Antarctica's rapidly rising bedrock could slow down ice sheet melting

  23 June 2018    Read: 1252
Antarctica

As ice melts and the weight pressing down on it lightens, the bedrock underneath the West Antarctic ice sheet is rapidly rising – offering a lifeline for this threatened region.

The discovery could be a rare silver lining in the story of the melting polar regions, as the bedrock has the potential to protect ice from warm seawater melting it from below, potentially buying more time to stop the ice sheet collapsing altogether. 

Projections suggest melting ice from Antarctica will cause a sea level rise of 15cm by the end of the century, a change that would leave coastal cities at high risk of flooding.

Scientists are particularly concerned about the West Antarctic ice sheet, which contributes to a quarter of global melting from land ice every year.

If it were ever lost entirely, the sheet – which is thought to be at risk of catastrophic collapse – would contribute to over 3m of sea-level rise.   

In a new study, an international research team were surprised to find the speed at which the ground beneath the ice sheet was rebounding far faster than they had previously imagined.

“The rate of uplift we found is unusual and very surprising. It’s a game changer,” said Professor Terry Wilson, one of the leaders of the study at Ohio State University.

When loaded with ice, the rock underneath it is compressed, and when this burden is removed it bounces up like a spring, moving it further from the warm sea water melting its underside.

The rate at which this happens it determined by the mantle – the rocky layer of earth underneath the crust – and an analysis of this layer by the research team found it was far hotter and more fluid than previously thought.

This meant the upward movement of the ice sheet can happen over a timescale of centuries or even decades, rather than thousands of years. 

“This very rapid uplift may slow the runaway wasting and eventual collapse of the ice sheet,” said Professor Rick Aster, a co-author of the study from Colorado State University. 

“The uplift tends to stabilise the critical grounding line where the ice sheet loses contact with underlying bedrock or sediment and goes afloat.”

Overall, the bedrock was rising by over four centimetres every year, one of the fastest rates ever recorded in icy areas.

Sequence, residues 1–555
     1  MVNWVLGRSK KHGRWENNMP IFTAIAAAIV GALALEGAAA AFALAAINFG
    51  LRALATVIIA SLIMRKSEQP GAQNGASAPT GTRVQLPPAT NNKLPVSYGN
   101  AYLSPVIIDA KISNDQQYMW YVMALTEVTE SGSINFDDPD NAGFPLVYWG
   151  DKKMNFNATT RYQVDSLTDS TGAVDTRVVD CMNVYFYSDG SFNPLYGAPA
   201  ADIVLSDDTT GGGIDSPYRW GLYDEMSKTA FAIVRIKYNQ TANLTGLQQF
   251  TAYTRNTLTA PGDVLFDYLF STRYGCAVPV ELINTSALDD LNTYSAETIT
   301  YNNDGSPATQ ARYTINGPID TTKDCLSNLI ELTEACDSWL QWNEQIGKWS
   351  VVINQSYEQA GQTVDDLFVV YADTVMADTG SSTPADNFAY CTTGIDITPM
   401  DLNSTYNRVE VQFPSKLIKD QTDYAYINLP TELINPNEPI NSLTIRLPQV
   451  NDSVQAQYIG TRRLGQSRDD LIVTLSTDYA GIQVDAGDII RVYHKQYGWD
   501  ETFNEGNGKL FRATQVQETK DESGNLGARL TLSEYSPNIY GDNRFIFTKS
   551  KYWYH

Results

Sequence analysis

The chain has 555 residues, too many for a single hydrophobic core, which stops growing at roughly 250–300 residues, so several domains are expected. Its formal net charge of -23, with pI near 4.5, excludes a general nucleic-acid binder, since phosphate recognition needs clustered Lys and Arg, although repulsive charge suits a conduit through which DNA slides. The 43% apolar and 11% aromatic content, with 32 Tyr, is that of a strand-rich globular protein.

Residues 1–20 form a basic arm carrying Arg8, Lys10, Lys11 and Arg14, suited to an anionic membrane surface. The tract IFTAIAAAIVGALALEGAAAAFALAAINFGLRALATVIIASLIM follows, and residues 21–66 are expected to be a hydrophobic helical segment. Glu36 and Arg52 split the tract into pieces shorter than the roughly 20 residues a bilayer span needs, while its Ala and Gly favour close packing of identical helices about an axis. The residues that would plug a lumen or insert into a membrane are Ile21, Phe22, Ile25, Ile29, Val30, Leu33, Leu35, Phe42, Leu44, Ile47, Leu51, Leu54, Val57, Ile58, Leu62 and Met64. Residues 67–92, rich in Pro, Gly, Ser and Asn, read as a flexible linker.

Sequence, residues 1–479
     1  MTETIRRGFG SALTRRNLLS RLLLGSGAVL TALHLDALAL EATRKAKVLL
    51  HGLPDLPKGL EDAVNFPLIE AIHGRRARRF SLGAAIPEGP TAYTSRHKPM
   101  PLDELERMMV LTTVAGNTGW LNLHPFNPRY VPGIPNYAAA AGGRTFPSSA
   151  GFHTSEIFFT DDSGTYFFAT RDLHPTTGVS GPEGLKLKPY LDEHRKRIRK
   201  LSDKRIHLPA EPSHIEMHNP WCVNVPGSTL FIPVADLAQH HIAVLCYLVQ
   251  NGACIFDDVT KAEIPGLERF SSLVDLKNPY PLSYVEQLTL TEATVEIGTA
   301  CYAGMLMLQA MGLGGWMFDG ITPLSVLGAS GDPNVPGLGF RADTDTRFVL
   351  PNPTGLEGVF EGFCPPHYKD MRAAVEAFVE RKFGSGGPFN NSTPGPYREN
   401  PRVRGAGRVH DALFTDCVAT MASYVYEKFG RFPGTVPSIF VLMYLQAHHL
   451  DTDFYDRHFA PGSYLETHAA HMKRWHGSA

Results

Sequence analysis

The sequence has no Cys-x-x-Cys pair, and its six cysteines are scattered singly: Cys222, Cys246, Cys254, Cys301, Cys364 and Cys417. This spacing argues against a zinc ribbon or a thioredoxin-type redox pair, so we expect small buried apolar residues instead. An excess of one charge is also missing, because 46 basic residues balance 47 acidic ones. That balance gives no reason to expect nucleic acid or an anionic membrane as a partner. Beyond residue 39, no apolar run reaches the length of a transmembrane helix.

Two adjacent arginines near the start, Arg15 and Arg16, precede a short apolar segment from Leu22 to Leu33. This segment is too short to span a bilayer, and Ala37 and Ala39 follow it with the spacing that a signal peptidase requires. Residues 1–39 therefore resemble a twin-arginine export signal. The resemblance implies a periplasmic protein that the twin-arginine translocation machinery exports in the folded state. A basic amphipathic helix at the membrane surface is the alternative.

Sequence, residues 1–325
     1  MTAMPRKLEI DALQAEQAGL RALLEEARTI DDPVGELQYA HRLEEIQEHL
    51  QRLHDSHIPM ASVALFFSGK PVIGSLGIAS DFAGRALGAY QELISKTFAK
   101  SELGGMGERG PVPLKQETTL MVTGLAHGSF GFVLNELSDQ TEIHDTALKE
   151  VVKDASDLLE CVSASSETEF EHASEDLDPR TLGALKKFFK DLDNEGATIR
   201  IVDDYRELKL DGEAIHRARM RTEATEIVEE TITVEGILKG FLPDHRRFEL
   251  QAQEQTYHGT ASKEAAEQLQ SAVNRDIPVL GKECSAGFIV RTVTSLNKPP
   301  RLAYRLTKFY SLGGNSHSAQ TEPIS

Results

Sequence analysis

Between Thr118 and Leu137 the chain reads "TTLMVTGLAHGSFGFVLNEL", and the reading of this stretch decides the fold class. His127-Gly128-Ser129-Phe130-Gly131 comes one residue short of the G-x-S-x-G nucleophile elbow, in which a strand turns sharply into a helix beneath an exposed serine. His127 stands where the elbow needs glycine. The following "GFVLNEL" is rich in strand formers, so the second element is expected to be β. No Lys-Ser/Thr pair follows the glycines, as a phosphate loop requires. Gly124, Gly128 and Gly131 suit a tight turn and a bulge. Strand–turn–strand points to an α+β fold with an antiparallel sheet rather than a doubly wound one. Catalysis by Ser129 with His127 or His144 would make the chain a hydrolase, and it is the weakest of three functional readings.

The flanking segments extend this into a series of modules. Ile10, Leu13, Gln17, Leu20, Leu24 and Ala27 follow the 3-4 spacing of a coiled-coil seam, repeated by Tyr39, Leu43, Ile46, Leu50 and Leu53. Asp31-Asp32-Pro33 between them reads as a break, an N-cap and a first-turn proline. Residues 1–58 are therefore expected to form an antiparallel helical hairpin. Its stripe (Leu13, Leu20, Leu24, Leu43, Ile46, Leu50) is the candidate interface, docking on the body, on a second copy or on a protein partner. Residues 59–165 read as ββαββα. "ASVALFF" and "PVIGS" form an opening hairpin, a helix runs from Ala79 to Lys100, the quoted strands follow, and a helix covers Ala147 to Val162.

These findings, based on GPS data gathered from the Antarctic surface, were published in the journal Science. 

Professor Wilson said: “We previously thought uplift would occur over thousands of years at a very slow rate, not enough to have a stabilising effect on the ice sheet. Our results suggest the stabilising effect may only take decades”.

Due to the massive quantities of water stored in the West Antarctic ice sheet, news of its increased stability should be good news – especially for those living in the northern hemisphere, where melting Antarctic ice would have a disproportionate effect on local sea levels.

However, scientists who were not involved in the research have warned that that this effect is “not a get out of jail free card”.

“It’s still a rather slow process compared to melting,” Dr Ingo Sasgen, a geophysicist at the Alfred Wegener Institute told Science.

“If you have a very strong warming from the ocean, the ice sheet will disintegrate whatever the solid earth does.”

A recent landmark study revealed Antarctica was melting faster than ever before, and lost about three trillion tonnes of ice in the last 25 years.

Professor Aster agreed that there was no room for complacency and if global warming is as intense as current simulations suggest, the West Antarctic ice sheet is still likely to melt.

“To keep global sea levels from rising more than a few feet during this century and beyond, we must still limit greenhouse gas concentrations in the atmosphere, which can only occur through international cooperation and innovation,” he said.

 

The Independent


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